Greg Shook and EJ Henderson of Appalachian Outlaws

Just south of Topton (where I grew up) and Hayesville, North Carolina is Hiawassee, Georgia. Hiawassee is on the other side of Lake Chatuge which splits North Carolina and Georgia in the mountains. Having grown up in this part of the country I know all about ginseng hunting and ginseng season. In the new show Appalachian Outlaws on the History Channel we learn that both Greg Shook and EJ Henderson reside in Hiawassee, Georgia.

Hiawassee is very similar to the area in which I grew up in that it is very green with lush vegetation and difficult to navigate when trying to hike through the woods. There are thousands of rhododendron bushes and it can be nearly impossible to hike more than two or three miles without getting yourself all cut up. Watching the show brings back memories of my childhood when I would make trails through the back mountains.

Greg Shook and EJ Henderson Accent

When watching the History Channel TV Show Appalachian Outlaws you must understand that almost everyone in this part of the country has a thick accent. So much so that the History Channel has to have subtitles for their conversations. The Vine video below will help you learn more about their accents:

If you are ever in Murphy, NC or Blue Ridge, Georgia you will likely hear accents very similar to Greg Shook and EJ Henderson. Also, if you are in that area I strongly suggest you check out Herb’s Pit BBQ in Murphy. This is the only BBQ place on the NC BBQ Trail that is close to the area in which these two ginseng hunters live.

Greg and EJ Arrested?

Throughout the entire first show Greg and EJ are concerned they are going to get arrested for hunting ginseng on US Forest Service land. Trust me when I tell you that much of the land in that part of Georgia and North Carolina is Forest Service land. In fact, I grew up about two miles from the Forest Service “put in” area of the Nantahala River.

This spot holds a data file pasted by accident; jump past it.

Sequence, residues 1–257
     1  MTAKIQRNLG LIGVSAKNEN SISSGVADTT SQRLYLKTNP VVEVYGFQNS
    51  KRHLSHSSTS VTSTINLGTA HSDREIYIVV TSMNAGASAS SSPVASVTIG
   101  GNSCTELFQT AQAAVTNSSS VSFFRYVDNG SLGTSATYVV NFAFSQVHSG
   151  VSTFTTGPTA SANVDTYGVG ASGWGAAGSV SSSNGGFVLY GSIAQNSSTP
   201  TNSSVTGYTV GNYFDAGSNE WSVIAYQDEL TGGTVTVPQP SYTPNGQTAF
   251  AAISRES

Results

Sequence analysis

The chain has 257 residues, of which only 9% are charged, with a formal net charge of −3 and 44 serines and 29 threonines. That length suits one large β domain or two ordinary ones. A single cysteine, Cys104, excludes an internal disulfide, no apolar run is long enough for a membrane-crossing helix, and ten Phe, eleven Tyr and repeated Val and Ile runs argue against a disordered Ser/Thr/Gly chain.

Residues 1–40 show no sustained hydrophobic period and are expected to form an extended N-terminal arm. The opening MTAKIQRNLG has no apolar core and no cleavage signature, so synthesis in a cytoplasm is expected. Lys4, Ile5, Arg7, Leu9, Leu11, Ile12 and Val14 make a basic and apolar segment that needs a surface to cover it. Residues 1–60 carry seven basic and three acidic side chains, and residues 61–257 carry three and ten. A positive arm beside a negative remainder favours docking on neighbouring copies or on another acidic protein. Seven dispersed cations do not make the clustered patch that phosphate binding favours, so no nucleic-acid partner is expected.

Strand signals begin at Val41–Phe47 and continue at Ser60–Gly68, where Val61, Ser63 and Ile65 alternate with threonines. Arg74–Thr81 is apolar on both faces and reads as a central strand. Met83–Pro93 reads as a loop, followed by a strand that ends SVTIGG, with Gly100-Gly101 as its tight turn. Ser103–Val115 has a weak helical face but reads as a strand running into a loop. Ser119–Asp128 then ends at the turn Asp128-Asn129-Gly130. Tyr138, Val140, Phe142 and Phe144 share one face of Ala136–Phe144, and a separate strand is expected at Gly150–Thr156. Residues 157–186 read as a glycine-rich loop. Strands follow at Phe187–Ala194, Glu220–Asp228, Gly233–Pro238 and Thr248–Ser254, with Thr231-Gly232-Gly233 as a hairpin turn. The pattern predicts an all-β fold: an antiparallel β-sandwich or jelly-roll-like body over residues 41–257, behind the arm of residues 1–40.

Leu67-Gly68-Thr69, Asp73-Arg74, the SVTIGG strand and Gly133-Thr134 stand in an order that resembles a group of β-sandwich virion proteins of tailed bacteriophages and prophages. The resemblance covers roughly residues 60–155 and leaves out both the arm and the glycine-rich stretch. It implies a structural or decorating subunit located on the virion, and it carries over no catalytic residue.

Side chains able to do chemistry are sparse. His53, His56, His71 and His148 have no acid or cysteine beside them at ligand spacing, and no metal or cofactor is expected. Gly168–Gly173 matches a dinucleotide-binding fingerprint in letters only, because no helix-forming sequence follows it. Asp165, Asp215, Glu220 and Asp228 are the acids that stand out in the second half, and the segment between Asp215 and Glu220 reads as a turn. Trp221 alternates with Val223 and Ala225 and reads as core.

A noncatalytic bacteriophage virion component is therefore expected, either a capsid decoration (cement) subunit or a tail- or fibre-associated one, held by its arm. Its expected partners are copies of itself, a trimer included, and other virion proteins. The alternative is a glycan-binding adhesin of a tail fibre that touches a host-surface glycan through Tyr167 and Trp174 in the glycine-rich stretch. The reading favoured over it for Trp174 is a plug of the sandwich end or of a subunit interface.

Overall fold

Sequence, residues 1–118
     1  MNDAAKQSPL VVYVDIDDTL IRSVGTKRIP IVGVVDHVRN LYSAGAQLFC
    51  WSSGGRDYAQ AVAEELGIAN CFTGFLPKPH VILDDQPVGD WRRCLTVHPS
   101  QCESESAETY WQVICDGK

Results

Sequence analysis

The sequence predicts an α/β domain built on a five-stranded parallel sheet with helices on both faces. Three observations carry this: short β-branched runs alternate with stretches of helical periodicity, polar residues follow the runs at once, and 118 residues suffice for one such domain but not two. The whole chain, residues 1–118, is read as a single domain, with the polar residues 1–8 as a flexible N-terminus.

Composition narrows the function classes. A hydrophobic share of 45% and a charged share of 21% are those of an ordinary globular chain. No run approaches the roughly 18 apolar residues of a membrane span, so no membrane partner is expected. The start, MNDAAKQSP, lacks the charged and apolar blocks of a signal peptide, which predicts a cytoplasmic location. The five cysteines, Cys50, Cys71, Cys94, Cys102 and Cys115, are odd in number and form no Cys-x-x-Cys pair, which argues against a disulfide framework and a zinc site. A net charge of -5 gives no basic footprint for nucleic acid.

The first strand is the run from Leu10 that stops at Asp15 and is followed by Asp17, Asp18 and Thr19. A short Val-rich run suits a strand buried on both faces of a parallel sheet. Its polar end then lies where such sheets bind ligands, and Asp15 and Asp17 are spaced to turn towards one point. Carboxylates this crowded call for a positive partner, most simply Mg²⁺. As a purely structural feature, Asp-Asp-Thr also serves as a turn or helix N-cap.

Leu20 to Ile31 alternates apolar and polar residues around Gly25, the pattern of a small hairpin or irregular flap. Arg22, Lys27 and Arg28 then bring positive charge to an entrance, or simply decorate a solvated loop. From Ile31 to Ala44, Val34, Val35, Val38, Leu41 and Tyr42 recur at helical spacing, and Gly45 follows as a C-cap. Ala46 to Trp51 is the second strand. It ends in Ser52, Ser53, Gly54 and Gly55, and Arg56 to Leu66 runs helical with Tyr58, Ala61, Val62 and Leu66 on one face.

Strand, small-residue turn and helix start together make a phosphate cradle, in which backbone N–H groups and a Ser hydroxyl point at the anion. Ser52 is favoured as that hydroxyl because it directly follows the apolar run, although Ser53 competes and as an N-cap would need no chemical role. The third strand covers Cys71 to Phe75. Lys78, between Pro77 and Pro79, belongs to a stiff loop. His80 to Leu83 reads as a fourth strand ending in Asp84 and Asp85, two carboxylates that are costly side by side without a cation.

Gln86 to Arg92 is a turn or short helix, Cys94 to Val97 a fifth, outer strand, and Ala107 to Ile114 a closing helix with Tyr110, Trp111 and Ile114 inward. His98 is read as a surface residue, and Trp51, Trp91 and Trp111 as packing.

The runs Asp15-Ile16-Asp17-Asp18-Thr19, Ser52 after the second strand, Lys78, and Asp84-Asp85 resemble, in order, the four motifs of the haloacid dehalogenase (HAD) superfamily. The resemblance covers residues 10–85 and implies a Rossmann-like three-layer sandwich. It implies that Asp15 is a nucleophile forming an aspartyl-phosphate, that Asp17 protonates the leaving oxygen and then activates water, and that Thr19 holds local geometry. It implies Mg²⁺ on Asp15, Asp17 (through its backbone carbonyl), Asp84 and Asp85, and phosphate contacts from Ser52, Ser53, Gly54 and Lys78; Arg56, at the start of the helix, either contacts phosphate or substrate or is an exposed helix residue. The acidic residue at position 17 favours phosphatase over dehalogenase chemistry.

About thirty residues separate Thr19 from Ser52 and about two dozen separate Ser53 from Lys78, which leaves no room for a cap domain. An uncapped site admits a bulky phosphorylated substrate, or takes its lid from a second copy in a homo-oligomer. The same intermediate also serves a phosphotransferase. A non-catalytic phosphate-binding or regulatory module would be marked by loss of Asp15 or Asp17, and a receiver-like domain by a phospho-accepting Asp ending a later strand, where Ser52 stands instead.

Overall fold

If Greg and EJ are arrested for hunting ginseng on US Forest Service land they will be fined $5000 and go to jail for six months. They would obviously miss all of ginseng season if they are in jail from September 1st through the rest of the year. In doing my research online I did not find any information on Greg Shook or EJ Henderson being arrested recently. This makes me think they made it through the entire taping of the show without being thrown in jail.

In the second show of the season Greg finds out that his red Ford pickup truck has been impounded because it was parked on the side of the mountain that is owned by Old Man Parsons. The towing company was The Terkins Towing. I don’t know if this was made up or real but I cannot find any listing online that this company actually exists. UPDATE: We have learned the name of the towing company is Turpins. I thought EJ was saying Terkins. Their website is here.

During the entire show both Greg and EJ are trying to figure out a way to break in to the impound and steal the truck back. They successfully do this so we know that both Greg and EJ will be searching the mountains for ginseng throughout the rest of the Appalachian Outlaws show.

When is Ginseng Season?